The Icelandic Sheepdog (Íslenskur fjárhundur) is Iceland's only native breed of dog. It is the descendant of the dogs brought to Iceland by the original Viking settlers between 870 and 930.
The dogs became indispensable in the rounding up of livestock and in the daily work on the farms. Their method of working adapted to the local terrain, farming methods and the people's hard struggle for survival over the centuries.
The Icelandic sheepdog is a hardy dog, happy and friendly with a gentle disposition. Its love of working, eagerness to learn and cheerful bark have eased the shepherd's load and earned it it's master's trust and affection and more often than not a share of his packed lunch. It is also a very good watch dog without being aggressive.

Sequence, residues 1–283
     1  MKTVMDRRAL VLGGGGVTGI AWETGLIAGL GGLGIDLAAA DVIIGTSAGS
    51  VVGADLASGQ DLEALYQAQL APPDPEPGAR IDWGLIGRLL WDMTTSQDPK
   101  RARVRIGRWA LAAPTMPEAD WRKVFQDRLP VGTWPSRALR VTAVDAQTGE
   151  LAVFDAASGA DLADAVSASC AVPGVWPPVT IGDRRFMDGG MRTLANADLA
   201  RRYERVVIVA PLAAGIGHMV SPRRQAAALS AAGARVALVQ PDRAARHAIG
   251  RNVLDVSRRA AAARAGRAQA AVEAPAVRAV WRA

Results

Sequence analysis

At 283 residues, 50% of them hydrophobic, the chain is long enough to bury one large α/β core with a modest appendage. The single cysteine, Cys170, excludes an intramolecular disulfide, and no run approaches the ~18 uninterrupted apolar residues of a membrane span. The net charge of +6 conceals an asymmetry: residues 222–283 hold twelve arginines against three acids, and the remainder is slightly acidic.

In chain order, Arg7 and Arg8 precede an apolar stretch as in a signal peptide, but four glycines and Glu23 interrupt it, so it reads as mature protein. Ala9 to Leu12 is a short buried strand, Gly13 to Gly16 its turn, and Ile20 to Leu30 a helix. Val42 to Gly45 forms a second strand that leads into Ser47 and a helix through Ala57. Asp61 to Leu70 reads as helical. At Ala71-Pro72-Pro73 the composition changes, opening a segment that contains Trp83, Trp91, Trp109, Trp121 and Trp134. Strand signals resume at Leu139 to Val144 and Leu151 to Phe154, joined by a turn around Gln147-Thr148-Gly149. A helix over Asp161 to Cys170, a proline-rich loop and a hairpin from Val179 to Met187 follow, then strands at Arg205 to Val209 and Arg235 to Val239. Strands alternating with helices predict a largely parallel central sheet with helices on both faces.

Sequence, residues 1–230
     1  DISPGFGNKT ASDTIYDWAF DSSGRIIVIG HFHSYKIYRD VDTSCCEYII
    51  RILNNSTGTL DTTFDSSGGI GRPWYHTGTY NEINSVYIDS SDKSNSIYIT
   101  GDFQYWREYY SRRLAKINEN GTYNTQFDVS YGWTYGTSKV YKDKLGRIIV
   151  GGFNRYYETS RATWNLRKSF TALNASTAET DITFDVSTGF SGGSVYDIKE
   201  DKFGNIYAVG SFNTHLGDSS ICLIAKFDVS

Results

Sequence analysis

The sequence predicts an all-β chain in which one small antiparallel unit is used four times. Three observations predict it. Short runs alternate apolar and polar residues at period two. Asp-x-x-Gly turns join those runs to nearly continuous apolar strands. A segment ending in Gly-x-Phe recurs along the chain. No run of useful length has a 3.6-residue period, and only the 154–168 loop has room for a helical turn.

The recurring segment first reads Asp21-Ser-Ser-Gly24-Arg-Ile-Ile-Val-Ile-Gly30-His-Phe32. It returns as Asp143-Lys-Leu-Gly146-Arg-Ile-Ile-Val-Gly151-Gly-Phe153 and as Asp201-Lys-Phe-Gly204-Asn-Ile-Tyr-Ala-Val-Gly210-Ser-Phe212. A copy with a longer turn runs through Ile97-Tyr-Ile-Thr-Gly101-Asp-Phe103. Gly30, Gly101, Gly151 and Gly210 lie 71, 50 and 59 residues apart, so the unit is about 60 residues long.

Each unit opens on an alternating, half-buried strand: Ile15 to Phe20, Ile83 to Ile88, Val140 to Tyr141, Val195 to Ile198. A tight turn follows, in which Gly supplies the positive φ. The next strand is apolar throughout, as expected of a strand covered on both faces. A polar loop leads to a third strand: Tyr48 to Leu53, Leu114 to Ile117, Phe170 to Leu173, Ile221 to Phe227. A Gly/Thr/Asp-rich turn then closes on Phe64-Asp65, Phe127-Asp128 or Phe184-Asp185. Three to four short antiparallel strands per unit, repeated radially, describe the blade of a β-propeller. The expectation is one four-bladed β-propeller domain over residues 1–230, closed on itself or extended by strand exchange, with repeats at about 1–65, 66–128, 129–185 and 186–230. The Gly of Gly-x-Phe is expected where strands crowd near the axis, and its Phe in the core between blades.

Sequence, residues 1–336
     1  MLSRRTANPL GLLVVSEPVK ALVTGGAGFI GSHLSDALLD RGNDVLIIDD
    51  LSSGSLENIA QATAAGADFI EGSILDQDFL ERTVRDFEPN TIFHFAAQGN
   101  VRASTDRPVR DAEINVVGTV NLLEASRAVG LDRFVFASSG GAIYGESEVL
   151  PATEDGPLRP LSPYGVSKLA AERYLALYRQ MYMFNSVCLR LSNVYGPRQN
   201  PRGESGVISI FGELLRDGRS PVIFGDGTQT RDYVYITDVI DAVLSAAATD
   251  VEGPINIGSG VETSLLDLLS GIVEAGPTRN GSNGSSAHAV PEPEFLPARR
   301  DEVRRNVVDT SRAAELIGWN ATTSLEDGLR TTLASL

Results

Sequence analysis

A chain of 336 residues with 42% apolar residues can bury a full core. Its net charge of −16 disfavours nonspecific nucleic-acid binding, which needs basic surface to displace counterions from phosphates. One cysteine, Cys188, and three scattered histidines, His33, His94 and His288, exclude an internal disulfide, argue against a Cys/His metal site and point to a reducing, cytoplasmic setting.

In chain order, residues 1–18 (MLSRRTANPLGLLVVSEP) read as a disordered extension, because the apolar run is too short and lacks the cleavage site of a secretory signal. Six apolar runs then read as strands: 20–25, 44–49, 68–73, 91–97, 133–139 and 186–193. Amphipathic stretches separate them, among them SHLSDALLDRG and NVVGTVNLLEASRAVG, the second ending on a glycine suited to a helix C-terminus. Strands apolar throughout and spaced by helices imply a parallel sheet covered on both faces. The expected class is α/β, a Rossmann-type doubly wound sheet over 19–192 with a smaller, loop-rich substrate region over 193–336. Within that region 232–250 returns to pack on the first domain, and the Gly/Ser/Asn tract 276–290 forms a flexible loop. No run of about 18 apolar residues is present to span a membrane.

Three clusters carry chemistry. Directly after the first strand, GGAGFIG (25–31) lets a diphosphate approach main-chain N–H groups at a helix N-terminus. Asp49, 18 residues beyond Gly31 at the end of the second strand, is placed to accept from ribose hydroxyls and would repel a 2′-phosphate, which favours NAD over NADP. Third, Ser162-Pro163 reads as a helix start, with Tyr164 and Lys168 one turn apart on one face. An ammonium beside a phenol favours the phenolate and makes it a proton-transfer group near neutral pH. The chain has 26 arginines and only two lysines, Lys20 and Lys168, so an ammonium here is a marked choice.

The Icelandic Kennel Club was founded on 4th September 1969 by a group of dedicated people concerned with the preservation of the Icelandic sheepdog as a breed, at that time it was in imminent danger of extinction. The Icelandic sheepdog breed club, Deild íslenska fjárhundsins, was founded in 1979, and was given the responsibility for developing, maintaining and safeguarding the breed for the future by the Icelandic Kennel Club.
Appearance and size
The Icelandic sheepdog is a medium sized dog with pricked ears, a well curled tail, and double dew claws on it's hind legs. It's mood is expressed by it's mobile ears and intelligent and lively dark brown eyes.
The coat can vary in length, either long or short but always thick and extremely weather-resistant.
Breed registration statistics
Below you can find the registration statistics for the Icelandic Sheepdog in the Nordic countries from 1990 onwards.